Huawei Technologies Co.’s ability to make inroads into Europe’s future telecom infrastructure may be more about regulatory hurdles than outright bans.
The U.S. has been engaged in a vocal campaign to keep Chinese tech companies out of advanced 5G networks that promise faster connections, enabling uses such as autonomous vehicles and remote surgery. U.S. President Donald Trump’s administration has claimed that the companies could be tools for state espionage.
While no European agency has targeted Huawei by name, U.S. warnings haven’t exactly fallen on deaf ears: the region’s regulators have been tightening standards that may hit Huawei harder than Nokia Oyj and Ericsson AB, its main European rivals.
In Germany, authorities have proposed tighter security rules for data networks rather than outlawing Huawei. The U.K. is currently considering the results of a review into the resilience of the telecom supply chain. The French parliament started to debate this month on a bill that would subject equipment to tests tantamount to suppliers handing over industrial secrets to be eligible to bid for contracts. Nokia and Ericsson have said they’ll comply.
The battle for Huawei’s future in Europe’s infrastructure is entering a key moment. Europe’s telecom operators hurtling toward their 5G rollouts are updating contracts to build out networks. Prior to the fallout between China and the U.S. — and the ongoing trade battle — Huawei was set to be in prime position to win lucrative business.
“We’ve seen progress in Europe. Risk-based frameworks are being put in place. This isn’t just about banning technology,” Rob Strayer, the U.S. State Department’s deputy assistant for cyber policy, said in a recent call with reporters.
European politicians have gone to significant lengths not to point fingers at Chinese companies. During Chinese President Xi Jinping’s state visit to France late last month, Emmanuel Macron and his advisers avoided any public discussion of Huawei or cybersecurity. Instead, Macron said Europe is trying to build “a coherent strategy” with China.
“There are two things I don’t believe in,” German Chancellor Angela Merkel said at a conference in March in Berlin. “First, to discuss these very sensitive security questions publicly, and second, to exclude a company simply because it’s from a certain country.’’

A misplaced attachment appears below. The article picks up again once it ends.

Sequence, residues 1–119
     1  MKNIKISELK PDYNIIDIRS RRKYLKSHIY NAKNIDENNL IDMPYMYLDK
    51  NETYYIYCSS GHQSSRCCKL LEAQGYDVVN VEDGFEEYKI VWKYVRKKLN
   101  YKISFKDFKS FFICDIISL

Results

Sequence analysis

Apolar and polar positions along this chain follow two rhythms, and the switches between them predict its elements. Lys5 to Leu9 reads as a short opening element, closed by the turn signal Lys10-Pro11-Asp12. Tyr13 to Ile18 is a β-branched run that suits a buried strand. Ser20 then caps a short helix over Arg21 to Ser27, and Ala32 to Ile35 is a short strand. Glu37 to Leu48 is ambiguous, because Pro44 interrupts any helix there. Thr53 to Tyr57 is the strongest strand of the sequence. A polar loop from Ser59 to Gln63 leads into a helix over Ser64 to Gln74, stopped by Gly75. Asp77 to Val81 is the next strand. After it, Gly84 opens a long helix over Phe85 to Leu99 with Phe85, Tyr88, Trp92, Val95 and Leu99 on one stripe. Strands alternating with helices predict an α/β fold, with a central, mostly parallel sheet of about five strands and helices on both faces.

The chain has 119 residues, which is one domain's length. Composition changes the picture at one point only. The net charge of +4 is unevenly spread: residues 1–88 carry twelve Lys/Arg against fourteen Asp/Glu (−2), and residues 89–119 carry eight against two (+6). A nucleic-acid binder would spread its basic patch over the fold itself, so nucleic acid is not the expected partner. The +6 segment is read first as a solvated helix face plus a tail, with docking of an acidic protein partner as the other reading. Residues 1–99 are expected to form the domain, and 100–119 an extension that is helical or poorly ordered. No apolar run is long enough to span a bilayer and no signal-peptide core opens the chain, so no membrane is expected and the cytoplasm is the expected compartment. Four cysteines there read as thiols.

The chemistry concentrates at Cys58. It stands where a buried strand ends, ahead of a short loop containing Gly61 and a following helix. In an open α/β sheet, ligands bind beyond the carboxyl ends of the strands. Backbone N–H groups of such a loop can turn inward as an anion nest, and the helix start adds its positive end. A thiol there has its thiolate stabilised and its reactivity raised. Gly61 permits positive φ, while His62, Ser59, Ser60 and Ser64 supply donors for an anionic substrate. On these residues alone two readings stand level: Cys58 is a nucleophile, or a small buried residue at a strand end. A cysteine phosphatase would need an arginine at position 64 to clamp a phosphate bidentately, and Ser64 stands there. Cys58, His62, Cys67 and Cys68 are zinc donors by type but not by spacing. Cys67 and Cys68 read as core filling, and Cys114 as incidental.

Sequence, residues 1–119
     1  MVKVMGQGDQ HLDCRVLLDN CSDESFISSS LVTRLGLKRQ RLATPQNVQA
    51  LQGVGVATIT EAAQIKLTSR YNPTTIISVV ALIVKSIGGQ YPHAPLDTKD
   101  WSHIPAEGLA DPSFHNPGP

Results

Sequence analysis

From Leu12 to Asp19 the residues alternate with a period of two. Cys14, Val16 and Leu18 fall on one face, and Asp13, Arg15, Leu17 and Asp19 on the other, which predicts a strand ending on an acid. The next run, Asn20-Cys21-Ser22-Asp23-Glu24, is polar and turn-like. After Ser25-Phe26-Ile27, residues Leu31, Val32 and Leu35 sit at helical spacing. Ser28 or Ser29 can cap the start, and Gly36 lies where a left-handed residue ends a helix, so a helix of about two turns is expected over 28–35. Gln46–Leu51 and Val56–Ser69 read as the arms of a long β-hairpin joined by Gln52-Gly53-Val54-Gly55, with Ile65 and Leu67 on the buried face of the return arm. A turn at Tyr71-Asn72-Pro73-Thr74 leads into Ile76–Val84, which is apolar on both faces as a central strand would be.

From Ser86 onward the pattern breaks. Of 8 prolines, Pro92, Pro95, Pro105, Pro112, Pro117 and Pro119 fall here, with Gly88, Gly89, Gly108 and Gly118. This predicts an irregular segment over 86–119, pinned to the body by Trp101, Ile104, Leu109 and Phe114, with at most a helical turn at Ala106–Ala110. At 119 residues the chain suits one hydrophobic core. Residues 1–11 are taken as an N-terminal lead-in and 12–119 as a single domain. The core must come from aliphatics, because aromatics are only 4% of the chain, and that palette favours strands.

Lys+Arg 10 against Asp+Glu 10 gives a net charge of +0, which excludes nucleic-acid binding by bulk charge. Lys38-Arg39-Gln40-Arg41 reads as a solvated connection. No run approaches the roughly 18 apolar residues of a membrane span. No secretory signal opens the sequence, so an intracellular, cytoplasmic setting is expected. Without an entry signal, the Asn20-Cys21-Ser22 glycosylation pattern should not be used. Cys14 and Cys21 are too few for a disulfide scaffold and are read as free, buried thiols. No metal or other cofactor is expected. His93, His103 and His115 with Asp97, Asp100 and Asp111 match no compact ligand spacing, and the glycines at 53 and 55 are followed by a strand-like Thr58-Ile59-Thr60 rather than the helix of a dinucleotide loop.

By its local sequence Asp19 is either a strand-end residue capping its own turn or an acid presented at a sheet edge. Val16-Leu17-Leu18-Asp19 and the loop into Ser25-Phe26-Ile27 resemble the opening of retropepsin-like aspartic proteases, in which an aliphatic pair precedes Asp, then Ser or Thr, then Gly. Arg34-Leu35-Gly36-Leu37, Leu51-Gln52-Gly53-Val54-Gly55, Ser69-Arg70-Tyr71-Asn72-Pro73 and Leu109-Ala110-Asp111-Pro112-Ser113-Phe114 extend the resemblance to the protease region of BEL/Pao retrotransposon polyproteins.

Over the weekend, the president of the Bundesnetzagentur, Germany’s federal network agency, told the Financial Times that no telecom equipment supplier should be specifically excluded.
For its part, Huawei has been crying foul, calling the U.S. allegations baseless.
“This kind of groundless allegation that put the hat over our head as a Chinese spy or these kind of things is not fair,” Huawei representative to the EU institutions, Abraham Liu, in an interview with Bloomberg TV Monday. “The truth has to be based on the facts and the facts have to be verifiable."
Huawei has also sought to praise Europe’s measured approach.
"We all agree that this is an important part — that digitization has to be based on a safe network,” Liu said. “But how to solve this problem? How to address this kind of concept from different stakeholders? I think Germany has set a benchmark, a kind of example, and we are part of a solution for that."
Despite the lack of an outright ban, the U.S. has offered both praise and warnings to its European allies for its approach. Strayer recently praised Germany for making progress toward adopting strict 5G standards. Ellen Lord, U.S. undersecretary of defense for acquisition and sustainment, called European reluctance to ban the Chinese equipment maker “a huge concern,” while also praising the region for “leaning forward to work with us.”
There remain European outliers. During a visit in March President Xi recruited Italy’s populist government into his global Belt and Road development project. In Eastern Europe, Croatia signed an agreement on cooperation with Huawei, and this month Hungary, where Huawei employs more than 2,000 people, said it wants to deepen the relationship across a range of areas from education to the environment.
“Hopefully we can talk to Italy and other countries about not putting insecure gear into their networks. It could affect our ability to share intelligence,” said Strayer.
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